Most bills got through on the final day – a few didn’t

[private]Legislators worked all the way up to 12:30 a.m. Friday to clear out the remaining bills and resolutions from this year’s General Assembly session, and most of the measures made it through.

But there were some that didn’t quite make it, either, which means the next batch of legislators elected in November can deal with the issues in the 2017 session.

Here’s what happened to the major bills on Day 40:

SB 369, the MARTA funding bill, was passed in surprisingly easy fashion on a 43-5 Senate vote after less than five minutes of discussion.

SB 258, which involves several tax issues, was amended to include the tax credit for charitable contributions to financially distressed rural hospitals. The tax credits will total $180 million over a three-year period. It passed.

SR 954, a resolution granting state property easements for various utility projects, passed in a version that deleted the easements necessary for the construction of the Sabal Trail natural gas pipeline through southwest Georgia. This was a big victory for environmentalists and a loss for Gov. Nathan Deal.

HB 904 makes several required changes to the unemployment trust fund handled by the state Labor Department, including contribution rates. Conservative Republicans tried to add a provision to the bill that would have punished corporations lobbying for Gov. Nathan Deal to veto the “religious liberty” bill, but that move was squelched by the leadership. HB 904’s conference committee report was one of the last things passed before adjournment.

HB 838 was backed by Rep. John Meadows, the House Rules Committee chairman, and would have set a minimum 5 percent commission for insurance agents selling healthcare policies. The Senate let the bill die without a vote.

SB 145 was the vehicle used by Rep. Allen Peake (R-Macon) to try to expand the list of conditions that can legally be treated with medical cannabis. The Senate would not vote on it, however.

HB 514, which authorizes a referendum on a City of South Fulton, received final approval. The bill only passed in the Senate after Sen. Donzella James (D-Atlanta) cut a deal with the Republican leadership to vote for another bill opposed by the rest of the Democratic caucus.

SB 208 authorizes the creation of a new city of Stonecrest in DeKalb County and also received final passage.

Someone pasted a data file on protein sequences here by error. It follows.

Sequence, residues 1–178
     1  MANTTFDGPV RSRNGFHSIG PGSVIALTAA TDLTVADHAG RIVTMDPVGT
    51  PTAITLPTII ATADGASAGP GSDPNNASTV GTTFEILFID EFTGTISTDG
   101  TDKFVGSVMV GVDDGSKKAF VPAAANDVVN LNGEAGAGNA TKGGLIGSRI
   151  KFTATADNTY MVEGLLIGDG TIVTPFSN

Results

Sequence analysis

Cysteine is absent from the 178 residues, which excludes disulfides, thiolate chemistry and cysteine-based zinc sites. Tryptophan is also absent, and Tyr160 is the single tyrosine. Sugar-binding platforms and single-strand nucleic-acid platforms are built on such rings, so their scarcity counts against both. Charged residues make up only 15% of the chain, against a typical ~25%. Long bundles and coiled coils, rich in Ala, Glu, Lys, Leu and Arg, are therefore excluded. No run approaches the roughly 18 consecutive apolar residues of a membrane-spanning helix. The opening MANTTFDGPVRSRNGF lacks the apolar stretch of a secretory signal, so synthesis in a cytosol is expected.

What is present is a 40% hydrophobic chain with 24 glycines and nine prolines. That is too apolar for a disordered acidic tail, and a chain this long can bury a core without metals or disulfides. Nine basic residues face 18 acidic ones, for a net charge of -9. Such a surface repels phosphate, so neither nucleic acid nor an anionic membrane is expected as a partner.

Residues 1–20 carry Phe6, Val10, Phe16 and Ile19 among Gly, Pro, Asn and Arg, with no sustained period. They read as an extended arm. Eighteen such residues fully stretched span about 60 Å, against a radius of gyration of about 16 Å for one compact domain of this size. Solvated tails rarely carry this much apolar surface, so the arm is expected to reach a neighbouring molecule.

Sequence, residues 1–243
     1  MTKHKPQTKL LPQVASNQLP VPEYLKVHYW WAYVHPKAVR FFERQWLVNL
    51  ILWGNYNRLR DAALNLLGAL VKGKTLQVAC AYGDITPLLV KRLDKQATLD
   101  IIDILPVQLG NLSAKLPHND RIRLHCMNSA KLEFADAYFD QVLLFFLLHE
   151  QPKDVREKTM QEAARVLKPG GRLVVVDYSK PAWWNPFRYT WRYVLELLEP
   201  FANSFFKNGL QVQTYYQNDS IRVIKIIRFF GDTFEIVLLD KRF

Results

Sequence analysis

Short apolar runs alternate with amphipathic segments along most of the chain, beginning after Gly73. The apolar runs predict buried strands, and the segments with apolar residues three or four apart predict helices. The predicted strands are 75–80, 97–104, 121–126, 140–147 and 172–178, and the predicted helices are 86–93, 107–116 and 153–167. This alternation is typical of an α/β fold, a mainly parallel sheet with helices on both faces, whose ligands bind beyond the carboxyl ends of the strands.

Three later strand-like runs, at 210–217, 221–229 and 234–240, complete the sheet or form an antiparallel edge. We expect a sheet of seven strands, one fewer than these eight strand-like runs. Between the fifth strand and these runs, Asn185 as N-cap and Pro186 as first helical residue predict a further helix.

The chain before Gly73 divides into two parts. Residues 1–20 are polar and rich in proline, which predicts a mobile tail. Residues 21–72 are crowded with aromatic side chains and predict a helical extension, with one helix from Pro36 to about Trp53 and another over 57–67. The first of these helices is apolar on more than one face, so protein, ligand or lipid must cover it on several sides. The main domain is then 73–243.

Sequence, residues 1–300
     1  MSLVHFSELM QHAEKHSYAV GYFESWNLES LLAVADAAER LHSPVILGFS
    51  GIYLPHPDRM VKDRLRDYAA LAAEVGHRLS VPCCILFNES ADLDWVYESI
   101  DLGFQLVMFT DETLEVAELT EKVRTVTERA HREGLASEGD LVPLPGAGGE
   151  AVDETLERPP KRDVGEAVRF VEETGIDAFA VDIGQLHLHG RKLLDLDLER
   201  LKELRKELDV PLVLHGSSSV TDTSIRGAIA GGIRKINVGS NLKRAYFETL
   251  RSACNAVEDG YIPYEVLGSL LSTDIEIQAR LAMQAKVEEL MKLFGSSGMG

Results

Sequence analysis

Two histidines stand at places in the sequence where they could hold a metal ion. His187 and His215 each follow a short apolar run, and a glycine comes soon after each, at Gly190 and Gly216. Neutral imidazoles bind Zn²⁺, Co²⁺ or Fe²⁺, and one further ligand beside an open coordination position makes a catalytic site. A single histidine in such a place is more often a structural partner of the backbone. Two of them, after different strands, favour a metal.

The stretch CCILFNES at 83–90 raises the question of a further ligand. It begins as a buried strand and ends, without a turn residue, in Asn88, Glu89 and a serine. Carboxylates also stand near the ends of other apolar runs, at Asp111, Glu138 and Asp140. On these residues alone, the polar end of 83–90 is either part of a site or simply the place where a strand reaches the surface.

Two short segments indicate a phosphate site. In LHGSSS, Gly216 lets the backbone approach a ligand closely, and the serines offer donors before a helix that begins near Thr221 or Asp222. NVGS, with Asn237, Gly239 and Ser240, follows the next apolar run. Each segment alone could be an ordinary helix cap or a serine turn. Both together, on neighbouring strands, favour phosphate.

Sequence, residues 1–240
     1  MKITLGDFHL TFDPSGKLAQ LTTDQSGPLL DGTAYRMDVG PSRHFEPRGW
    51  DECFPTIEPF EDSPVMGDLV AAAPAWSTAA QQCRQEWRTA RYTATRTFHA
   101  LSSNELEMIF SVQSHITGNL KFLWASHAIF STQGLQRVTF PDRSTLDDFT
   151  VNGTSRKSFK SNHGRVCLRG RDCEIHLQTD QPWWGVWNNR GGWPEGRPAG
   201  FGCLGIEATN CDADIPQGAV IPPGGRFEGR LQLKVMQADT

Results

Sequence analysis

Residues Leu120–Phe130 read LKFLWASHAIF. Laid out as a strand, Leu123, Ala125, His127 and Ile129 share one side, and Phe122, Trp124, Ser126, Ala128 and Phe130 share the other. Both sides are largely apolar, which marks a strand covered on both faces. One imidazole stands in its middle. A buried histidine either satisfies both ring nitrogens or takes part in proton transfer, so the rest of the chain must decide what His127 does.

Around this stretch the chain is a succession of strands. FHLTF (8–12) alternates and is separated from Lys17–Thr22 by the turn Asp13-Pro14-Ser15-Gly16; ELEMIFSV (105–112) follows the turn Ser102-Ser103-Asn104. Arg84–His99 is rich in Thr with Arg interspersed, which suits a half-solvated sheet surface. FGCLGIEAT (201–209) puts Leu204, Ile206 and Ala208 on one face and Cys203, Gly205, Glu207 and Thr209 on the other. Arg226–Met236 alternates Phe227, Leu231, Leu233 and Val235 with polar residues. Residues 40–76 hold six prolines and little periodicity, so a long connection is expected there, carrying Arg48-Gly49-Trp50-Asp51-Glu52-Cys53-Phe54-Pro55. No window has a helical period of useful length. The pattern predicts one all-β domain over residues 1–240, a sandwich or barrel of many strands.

SB 304 will require police departments to clear up a backlog of unprocessed rape kits. Rep. Scott Holcomb (D-Atlanta) succeeded in getting the bill passed over the opposition of Sen. Renee Unterman (R-Buford), who tried to block it in the Senate. “What I don’t appreciate is Better Georgia, or whatever that acronym is, accusing me of different things,” Unterman said as the bill passed the Senate.

HB 1060 makes “housecleaning” changes to the “Guns Everywhere” bill the Legislature passed two years ago, notably adding the language of SB 282, which says banks cannot refuse to offer financial services to a business simply because that business sells firearms. HB 792 will allow students to possess tasers, stun guns, and other electroshock weapons on public college campuses. All of these received final passage.

SB 302 will require health insurance carriers to post on their websites a current and accurate directory of the healthcare providers in each network plan. It received final passage.

SB 168 designates the “adoptable dog” as the official state dog and was passed as a tribute to retiring Rep. Joe Wilkinson (R-Sandy Springs), who introduced the original bill. There were some complaints in the Senate, however. “It is a disgrace to have a state dog that is an unknown breed and unloved, and I would just urge you to vote against this bill,” Sen. Bill Heath (R-Bremen) argued.

HB 885 brings the Fulton County health board under the purview of the state Department of Public Health and provides that the county’s health director would report to the state. It received final passage.

HB 941 will restrict the access that police officers have to grand jury proceedings where a criminal charge against the officer is being considered. It passed.

SB 364 puts less emphases on student performance on standardized tests in making evaluations of public school teachers. It passed.

SB 255, a rewrite of the state’s garnishment law, finally received final passage.

SB 367, the latest set of recommendations from Deal’s criminal justice reform commission, received final passage.

HB 764 would have made it illegal for pedestrians to activate flashing lights at crosswalks “when there is no intent to cross a roadway.” The Senate fell one vote short of the majority needed to pass it. During the countdown on the vote, Sen. Butch Miller quipped, “A green light means that Sen. Ginn is a crosswalk flasher.”

SB 308 is Unterman’s anti-abortion bill that would create a state grant program to fund pregnancy centers that try to persuade pregnant women not to get abortions. It passed, but just barely, on a Senate vote of 31-16.

© 2016 by The Georgia Report

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Tags: final day of session , General Assembly